|n            |reconciliation       |pending.    |pending.     |
          |             |calculation.         |            |             |
          |New rate     |Identify the PPS     |5 years     |12 months    |
          |calculation  |rate at which a new  |            |from         |
          |             |clinic will be       |            |submittal of |
          |             |reimbursed.          |            |initial year |
          |             |                     |            |of data      |
          |Payments     |Reimburse a new      |            |             |
          |reflecting   |clinic the according |            |             |
          |new rates    |to the calculated    |            |             |
          |             |PPS rate.            |            |             |
          |Comparability|Identify a new PPS   |Usually     |12 months;   |
          | requests    |rate based on        |around 4    |30 days to   |
          |             |comparability with   |months      |note         |
          |             |other clinics.       |            |findings of  |


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          |             |                     |            |non-comparabi|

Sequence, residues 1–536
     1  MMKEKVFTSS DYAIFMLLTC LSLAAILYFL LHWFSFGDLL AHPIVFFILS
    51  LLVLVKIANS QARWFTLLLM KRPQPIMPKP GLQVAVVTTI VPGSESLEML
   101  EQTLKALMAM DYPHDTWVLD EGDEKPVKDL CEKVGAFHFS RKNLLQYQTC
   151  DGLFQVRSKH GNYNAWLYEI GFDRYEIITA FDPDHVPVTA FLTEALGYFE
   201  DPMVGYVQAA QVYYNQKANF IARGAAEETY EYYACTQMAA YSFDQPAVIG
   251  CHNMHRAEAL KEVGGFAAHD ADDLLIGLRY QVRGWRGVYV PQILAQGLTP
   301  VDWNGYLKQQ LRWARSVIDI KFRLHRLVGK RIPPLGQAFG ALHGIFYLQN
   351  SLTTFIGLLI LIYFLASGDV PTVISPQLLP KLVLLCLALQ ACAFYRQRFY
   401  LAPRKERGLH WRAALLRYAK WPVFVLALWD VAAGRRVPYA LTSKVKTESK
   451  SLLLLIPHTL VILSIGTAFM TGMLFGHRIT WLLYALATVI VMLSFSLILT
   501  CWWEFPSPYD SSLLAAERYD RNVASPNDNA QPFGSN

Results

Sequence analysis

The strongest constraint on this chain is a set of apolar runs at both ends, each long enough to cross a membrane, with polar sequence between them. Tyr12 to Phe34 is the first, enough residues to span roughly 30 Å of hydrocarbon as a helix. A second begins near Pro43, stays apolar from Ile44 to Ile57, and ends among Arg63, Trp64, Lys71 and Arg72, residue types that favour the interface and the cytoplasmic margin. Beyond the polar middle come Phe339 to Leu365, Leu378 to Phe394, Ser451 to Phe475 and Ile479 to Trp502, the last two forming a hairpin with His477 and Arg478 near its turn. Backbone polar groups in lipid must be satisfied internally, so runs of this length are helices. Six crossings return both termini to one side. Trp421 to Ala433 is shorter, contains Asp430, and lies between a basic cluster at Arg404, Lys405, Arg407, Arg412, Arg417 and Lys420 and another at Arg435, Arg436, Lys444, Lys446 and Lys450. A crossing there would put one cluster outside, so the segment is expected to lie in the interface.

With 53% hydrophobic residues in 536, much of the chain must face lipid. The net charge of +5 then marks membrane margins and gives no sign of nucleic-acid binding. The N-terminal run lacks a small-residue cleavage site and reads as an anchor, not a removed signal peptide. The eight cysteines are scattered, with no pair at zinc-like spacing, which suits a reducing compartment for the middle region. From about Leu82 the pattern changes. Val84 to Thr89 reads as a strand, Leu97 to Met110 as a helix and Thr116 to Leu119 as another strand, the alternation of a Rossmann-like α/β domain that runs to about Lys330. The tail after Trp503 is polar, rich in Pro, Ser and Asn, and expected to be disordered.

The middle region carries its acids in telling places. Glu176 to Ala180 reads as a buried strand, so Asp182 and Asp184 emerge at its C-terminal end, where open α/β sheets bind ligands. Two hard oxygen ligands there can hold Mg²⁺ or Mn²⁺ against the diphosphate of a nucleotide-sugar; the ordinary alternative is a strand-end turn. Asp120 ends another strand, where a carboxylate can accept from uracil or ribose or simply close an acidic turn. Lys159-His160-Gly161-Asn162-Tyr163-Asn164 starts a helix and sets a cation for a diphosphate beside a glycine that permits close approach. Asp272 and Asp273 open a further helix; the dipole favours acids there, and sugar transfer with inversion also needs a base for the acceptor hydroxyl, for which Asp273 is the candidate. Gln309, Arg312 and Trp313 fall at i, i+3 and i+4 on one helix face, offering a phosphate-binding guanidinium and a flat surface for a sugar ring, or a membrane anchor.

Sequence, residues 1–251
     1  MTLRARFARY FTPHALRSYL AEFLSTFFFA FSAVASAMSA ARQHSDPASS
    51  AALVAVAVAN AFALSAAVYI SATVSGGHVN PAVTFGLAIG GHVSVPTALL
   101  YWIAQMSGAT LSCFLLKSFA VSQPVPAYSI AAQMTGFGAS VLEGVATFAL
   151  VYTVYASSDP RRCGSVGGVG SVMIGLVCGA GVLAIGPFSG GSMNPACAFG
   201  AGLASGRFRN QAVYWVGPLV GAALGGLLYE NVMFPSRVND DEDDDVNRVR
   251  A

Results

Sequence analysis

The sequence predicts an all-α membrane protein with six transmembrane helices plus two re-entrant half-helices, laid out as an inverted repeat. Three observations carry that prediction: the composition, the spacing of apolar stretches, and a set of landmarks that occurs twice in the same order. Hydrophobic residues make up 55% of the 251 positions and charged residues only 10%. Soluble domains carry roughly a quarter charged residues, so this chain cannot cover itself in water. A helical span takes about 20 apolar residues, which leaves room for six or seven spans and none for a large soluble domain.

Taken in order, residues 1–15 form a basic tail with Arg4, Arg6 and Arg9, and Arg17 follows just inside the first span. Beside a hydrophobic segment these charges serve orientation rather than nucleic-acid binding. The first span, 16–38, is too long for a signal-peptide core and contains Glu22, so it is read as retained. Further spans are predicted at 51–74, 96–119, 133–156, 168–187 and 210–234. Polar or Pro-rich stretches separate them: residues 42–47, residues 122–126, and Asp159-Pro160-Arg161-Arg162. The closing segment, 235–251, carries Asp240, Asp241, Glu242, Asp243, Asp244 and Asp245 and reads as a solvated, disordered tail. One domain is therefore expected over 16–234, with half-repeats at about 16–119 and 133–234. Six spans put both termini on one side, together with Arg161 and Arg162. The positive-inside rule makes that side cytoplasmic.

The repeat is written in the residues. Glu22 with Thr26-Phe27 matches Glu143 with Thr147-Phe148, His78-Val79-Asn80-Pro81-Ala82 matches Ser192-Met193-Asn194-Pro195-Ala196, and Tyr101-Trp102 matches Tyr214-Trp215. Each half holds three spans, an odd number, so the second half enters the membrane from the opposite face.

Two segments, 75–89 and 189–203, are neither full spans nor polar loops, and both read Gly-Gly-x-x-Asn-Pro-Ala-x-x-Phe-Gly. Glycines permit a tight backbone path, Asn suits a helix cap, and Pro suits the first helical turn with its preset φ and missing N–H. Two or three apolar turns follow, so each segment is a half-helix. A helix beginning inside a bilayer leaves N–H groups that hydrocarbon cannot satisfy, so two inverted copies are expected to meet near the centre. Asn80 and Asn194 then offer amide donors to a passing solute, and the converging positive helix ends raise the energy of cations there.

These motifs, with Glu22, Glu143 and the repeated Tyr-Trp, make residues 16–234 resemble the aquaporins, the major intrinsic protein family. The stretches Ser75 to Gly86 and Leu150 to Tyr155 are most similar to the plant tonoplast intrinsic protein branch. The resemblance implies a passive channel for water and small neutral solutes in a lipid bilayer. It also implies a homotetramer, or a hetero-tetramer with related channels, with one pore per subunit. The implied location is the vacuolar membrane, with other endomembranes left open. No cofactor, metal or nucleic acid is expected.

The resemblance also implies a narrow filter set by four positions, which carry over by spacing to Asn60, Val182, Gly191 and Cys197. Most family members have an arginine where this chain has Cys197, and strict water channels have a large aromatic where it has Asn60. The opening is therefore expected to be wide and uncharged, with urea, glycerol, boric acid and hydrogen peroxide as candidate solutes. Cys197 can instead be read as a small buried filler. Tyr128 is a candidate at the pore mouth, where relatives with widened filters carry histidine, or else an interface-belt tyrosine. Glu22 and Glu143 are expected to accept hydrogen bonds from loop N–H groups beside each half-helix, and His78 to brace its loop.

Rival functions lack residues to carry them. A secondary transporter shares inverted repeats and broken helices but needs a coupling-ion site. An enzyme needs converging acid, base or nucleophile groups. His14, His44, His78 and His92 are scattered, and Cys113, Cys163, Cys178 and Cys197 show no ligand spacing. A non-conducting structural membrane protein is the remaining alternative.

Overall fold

|             |                     |            |lity.        |
          |Scope of     |Calculate a new PPS  |90 days in  |90 days in   |
          |service rate |rate, based on a     |practice    |statute      |
          |change       |modified scope of    |            |             |
          |request      |services.            |            |             |
          |             |                     |            |             |

            Clinics indicate because of the long lag time in receiving  
            payment, in order to maintain operations, they are forced to  
            take lines of credit at high interest rates.   

          4)Comment. Payment timelines that stretch on for years, in a  
            sector as dynamic as delivery of health care services, appear  
            difficult for providers to manage.   It is unclear why audits  
            and reconciliations are processed so many years in arrears.   
            It seems to be in the state's interest to enhance stability to  
            clinics that serve so many of the state's Medi-Cal enrollees.   
            Even if the state moves to a different methodology for clinic  
            reimbursement, as is being considered on a pilot basis by SB  
            147 (HernŠndez), also being heard today, there will still be  
            years of annual reconciliations to perform.  The benefit  
            clinics would receive from greater certainty, and a reduction  
            in finance charges associated with lines of credit, should be  
            weighed against the temporary increase in state costs and  
            workload.  Accelerating these payments also has a budget  
            impact, but it is essentially paying off debt for costs  
            already incurred in past years.   

          Analysis Prepared by:Lisa Murawski / APPR. / (916)